Consumers reduce saving to prop up spending

Consumer behaviour in June points to more borrowing and less saving. Borrowing jumped while savings dropped sharply, an indication as to how consumers are protecting their lifestyles from the surge in inflation. Households’ balance sheets are still exceptionally strong, so consumers are likely to continue reducing their saving over the rest of the year. That should prevent consumer spending from falling by as much as the record-breaking drop in real incomes would suggest.

Net consumer credit rose by £1.8bn in June, well above its pre-pandemic average of £1bn. This was relatively evenly split between higher credit card spending (£1bn) and other loans (£0.8bn). What’s more, households deposited just £1.9bn in bank and NS&I accounts in June, down from £5.6bn in May and well below the average monthly net flow of £5.6bn during the 12-month pre-pandemic average.

In aggregate, households have extremely strong balance sheets so are easily able to manage a drop in savings and a rise in borrowing. Households paid off about £25bn of consumer credit and accrued excess savings of around £250bn during the lockdowns, and the early evidence suggests that consumers are borrowing more and saving less to prop up their spending.

To put that savings amount into context, UK households spent about £33.5bn on electricity and gas in 2021, so a 50% rise would see them spending an extra £17bn. We expect to see higher borrowing and lower saving over the rest of the year as the cost-of-living crisis starts to bite.

Some signs of a cooling housing market

There was some evidence of a slowdown in the housing market. Approvals for house purchases, which are an indicator of future borrowing, dropped from 65,700 in April to 63,700 in June. Admittedly, we think house prices are unlikely to maintain their current momentum as rising interest rates squeeze affordability. Indeed, a fall of 5% to 10% seems likely. But we are not concerned about a slump in house prices given the huge run up in prices over the last two years, the strength of household balance sheets and the tightness in the labour market.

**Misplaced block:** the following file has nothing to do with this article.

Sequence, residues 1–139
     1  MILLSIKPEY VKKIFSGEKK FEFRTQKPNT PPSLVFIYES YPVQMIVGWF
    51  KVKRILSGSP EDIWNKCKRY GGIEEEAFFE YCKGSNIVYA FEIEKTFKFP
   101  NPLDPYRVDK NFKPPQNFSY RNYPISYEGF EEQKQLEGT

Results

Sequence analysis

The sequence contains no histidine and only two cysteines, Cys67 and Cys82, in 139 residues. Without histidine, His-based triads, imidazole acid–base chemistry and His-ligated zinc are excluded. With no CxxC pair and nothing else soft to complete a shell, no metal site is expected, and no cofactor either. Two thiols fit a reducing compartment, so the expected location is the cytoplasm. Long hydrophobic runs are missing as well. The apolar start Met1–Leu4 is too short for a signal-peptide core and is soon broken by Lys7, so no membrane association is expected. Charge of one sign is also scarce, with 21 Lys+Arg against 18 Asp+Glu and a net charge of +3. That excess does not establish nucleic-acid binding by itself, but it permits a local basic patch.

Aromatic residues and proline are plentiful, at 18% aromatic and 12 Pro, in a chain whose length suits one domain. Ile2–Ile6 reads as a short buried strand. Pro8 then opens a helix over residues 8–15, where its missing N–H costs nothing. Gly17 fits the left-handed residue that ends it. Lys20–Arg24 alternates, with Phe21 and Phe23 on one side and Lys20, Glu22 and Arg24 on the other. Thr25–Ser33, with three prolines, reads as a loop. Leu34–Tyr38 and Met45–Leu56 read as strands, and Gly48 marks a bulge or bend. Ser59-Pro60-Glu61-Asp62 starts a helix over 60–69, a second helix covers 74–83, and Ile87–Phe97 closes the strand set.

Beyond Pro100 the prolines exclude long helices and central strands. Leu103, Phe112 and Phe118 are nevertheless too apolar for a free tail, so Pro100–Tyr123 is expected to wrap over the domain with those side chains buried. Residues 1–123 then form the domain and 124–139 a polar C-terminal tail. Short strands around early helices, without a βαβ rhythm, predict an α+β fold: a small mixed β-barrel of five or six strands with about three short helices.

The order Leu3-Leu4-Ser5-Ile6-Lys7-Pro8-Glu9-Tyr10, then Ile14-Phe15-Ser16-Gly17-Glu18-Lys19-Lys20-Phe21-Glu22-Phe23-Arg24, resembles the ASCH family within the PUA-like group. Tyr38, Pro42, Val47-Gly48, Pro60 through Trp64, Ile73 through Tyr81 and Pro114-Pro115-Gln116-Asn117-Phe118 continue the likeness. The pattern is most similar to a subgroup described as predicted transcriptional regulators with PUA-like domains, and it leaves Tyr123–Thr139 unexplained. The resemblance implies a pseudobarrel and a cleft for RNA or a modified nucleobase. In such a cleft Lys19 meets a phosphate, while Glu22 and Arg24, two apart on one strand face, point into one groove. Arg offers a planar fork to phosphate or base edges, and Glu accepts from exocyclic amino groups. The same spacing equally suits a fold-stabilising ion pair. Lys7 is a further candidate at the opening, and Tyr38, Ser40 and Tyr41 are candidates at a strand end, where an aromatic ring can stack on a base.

Middle market borrowing remains subdued

UK non-financial businesses repaid £0.9bn of net loans from banks in June. Net borrowing by large non-financial businesses was £1.3bn in June, compared to repayments of £1.6bn in May. However, small and medium sized non-financial businesses (SMEs) continued to repay debt.

The net loan repayment by SMEs in June marked the fifteenth consecutive month of net repayments. So, middle market businesses are still reducing leverage while large businesses are taking advantage of easy access to credit and negative real interest rates.

This result tallies with our Q2 MMBI report, which found that a majority of middle market businesses were reducing their debt levels. But with inflation set to average 9% in 2022 and 6% in 2023, real interest rates will remain negative for a long time yet. In reality, this will create an environment that’s conducive to borrowing for investment.